godus 1The game unsurprisingly has numerous subsystems as well. More intense god powers, including burning bushes or controlling followers directly through “leashing,” draw from the belief of worshippers. Players naturally gain belief as their small world grows, but it can be purchased using the game’s real-money gem system as well. Players can also purchase sticker packs to activate the special cards they receive with each level up. These cards bestow various bonuses like faster building speeds or the ability to start settlements on different terrain. Fortunately, stickers appear naturally in the world too.

As more of the cold, unconquered North gives way to the player’s bright civilization, players will encounter ships and beacons allowing them to interact with other players online. In fact, the grand prize for finishing 22Can’s previous game Curiosity was becoming the God of Gods in Godus, along with a share of the profits. However, in many ways the game works best as an isolated experience, an entire little world unto itself.

godus 2That shoebox diorama quality is accentuated by the game’s almost paper cut-out art style. The solid colors and obvious layers of the landscape may not be realistic, but they’re charming. The same goes for the cute sound effects like the mysterious voices on the wind and the happy little tunes villagers whistle while they work. The distinct layers also make it easier for players to meticulously sculpt the land as they see fit. They can even make terraced steps out of the Earth for followers to climb to higher places, when their spotty path finding works that is. However, it is still a little too easy for fatter fingers to make unintended changes, which is especially annoying when those accidental changes waste precious belief.

Still, Godus successfully captures both the tedium and the power trip of what being an all-knowing, all-powerful force must feel like. Players can get their hands on a world of their own when the game fully launches.

It’s archery-filled madness on Who Wore it Best? as The Legend of the Holy Archer and World of Gibbets both aim for the bullseye.

Simply Twisted Review

Simply Twisted Review

+ Universal App - Designed for iPhone and iPad
Despite its painful lack of style, Simply Twisted's loopy puzzles deliver.

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In an App Store chock full of shameless clones, it’s always nice to see a game that expands on its influences instead of just copying them wholesale. Such is the case with Globber’s Escape, now in a soft launch phase, which clearly borrows its basic framework from the classic Pac-Man formula. But fortunately it doesn’t stop there, and we see just how far it goes in this edition of It Came From Canada!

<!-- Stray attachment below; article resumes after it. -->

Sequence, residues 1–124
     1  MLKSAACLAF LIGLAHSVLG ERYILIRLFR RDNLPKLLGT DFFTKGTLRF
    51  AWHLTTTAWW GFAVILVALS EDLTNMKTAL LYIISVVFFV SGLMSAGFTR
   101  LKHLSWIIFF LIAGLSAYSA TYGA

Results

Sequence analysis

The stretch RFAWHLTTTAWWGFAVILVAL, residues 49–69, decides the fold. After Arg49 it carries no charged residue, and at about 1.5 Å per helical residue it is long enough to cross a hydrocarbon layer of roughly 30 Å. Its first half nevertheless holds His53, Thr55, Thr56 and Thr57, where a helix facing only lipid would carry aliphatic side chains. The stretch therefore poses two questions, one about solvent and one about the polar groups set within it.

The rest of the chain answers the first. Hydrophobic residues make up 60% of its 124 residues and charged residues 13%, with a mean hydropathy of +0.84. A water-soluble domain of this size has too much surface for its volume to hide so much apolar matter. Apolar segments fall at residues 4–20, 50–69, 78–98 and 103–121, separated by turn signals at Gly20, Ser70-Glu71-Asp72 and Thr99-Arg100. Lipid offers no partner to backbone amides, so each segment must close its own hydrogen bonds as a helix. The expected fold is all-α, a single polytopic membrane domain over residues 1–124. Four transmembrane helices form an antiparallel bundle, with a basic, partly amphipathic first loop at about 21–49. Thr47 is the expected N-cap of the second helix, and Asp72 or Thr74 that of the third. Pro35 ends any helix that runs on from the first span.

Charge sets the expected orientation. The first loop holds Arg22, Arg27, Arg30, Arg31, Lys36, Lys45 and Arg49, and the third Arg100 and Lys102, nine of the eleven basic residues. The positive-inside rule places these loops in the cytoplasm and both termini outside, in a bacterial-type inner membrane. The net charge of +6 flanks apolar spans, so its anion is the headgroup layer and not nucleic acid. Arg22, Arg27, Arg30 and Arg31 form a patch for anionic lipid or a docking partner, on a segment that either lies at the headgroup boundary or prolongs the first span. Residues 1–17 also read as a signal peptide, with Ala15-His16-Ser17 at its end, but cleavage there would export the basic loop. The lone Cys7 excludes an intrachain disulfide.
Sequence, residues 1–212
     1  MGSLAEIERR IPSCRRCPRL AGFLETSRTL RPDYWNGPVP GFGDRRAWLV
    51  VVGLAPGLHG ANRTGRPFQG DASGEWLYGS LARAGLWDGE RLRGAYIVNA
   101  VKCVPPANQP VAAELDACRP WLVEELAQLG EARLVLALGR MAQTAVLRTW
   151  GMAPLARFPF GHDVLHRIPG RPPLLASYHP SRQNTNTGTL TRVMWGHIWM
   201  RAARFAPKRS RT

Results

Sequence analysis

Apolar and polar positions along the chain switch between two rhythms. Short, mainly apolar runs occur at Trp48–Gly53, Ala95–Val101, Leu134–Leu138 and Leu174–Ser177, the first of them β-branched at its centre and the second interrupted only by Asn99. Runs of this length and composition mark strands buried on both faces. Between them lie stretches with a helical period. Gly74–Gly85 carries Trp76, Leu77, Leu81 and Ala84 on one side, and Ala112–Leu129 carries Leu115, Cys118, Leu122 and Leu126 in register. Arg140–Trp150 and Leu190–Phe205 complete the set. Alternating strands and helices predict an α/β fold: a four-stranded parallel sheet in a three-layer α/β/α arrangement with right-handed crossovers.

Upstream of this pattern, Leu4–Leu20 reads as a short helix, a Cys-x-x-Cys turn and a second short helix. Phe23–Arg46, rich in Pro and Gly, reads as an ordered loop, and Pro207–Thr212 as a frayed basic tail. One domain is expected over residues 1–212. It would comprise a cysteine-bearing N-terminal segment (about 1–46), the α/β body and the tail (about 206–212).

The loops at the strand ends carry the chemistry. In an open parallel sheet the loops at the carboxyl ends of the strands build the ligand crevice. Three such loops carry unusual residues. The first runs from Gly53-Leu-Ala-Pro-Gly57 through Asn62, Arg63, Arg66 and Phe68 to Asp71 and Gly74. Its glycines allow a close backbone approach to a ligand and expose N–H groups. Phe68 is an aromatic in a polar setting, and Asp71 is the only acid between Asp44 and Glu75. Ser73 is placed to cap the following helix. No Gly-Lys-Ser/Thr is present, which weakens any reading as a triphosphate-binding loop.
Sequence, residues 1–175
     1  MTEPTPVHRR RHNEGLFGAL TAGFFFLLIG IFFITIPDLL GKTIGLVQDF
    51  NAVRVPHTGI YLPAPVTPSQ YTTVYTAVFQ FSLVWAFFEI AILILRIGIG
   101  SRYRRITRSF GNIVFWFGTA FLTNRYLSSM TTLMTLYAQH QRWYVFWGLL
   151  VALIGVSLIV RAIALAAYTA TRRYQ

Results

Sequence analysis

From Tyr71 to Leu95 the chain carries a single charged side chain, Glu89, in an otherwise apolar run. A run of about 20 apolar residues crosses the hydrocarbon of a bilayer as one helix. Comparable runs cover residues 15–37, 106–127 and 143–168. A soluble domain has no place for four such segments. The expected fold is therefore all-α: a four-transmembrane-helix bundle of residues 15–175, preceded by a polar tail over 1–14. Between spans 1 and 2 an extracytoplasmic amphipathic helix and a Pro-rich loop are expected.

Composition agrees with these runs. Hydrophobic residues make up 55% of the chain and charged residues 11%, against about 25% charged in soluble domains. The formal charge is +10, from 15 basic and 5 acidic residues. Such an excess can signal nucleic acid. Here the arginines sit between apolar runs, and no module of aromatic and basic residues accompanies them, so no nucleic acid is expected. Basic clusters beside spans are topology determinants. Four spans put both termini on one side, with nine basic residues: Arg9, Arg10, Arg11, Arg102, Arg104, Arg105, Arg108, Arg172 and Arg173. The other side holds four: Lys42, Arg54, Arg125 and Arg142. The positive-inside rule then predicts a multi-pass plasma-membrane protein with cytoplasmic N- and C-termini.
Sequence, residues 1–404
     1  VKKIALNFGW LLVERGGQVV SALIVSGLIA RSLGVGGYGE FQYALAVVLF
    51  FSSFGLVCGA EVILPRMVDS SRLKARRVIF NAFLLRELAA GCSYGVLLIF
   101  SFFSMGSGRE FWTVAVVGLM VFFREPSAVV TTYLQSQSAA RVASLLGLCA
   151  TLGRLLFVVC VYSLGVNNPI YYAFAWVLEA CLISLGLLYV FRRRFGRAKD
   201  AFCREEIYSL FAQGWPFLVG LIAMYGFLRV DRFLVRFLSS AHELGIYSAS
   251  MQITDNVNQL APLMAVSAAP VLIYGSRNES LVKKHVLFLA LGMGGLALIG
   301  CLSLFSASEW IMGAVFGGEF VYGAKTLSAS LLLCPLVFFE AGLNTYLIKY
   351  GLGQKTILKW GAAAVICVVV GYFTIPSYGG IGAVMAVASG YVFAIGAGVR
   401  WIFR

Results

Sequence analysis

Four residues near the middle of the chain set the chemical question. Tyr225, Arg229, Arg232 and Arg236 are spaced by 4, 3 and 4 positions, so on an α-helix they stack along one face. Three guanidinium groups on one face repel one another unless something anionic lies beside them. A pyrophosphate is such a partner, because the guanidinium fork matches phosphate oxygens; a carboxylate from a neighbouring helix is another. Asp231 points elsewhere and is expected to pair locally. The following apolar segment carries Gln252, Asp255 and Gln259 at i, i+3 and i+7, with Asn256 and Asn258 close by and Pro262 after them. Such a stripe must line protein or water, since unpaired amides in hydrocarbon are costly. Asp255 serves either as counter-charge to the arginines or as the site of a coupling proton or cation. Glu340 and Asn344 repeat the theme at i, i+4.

In Globber’s Escape, players guide a circular creature around a 2D maze collecting tiny objects and avoiding patrolling enemies. However, if they collect the right power-up they can turn the tables on their foes and gobble them up, sending baddies back to the center to regenerate. Again, it sounds like Pac-Man. But from that familiar set-up, the game starts diverging in small but clever ways.

globber's escape 1globber's escape 2Instead of static dots, players devour little aliens that sporadically burst out of different containers on the map and mindlessly roam around the stage. This means players must always be ready to adjust their paths and strategies on the fly. Once all the critters are collected, instead of automatically starting the next round players must manually escape the room by reaching the closest open door. However, this makes them even more vulnerable to agitated enemies like evil mad scientists and almost unfairly unstoppable robots. If players do get caught, they can free Globber using the rare revive hammers sprinkled throughout each map. And when it’s game over for real, the final score goes towards increasing Globber’s level.

In an alternate universe, Globber’s Escape is one of the better arcade games made to capitalize on Pac-Man‘s success. Along with all the mechanical twists, the game has a less breakneck and more strategic pace overall. The control scheme has players creating waypoints for Globber to follow by touching the maze, which reduces the amount of mindless, frantic tapping while still allowing players to course correct easily.

globber's escape 3globber's escape 4However, for all of its gameplay creativity, Globber’s Escape‘s presentation sadly falls back on generic tropes. The cartoony sci-fi visuals, full of vibrant colors and angular designs, are pleasant but uninspired. The music might as well be non-existent. Some of the dialogue between the chatty tutorial robots is at least kind of amusing in a classic comedy duo way, but the game’s universe isn’t the reason to get invested.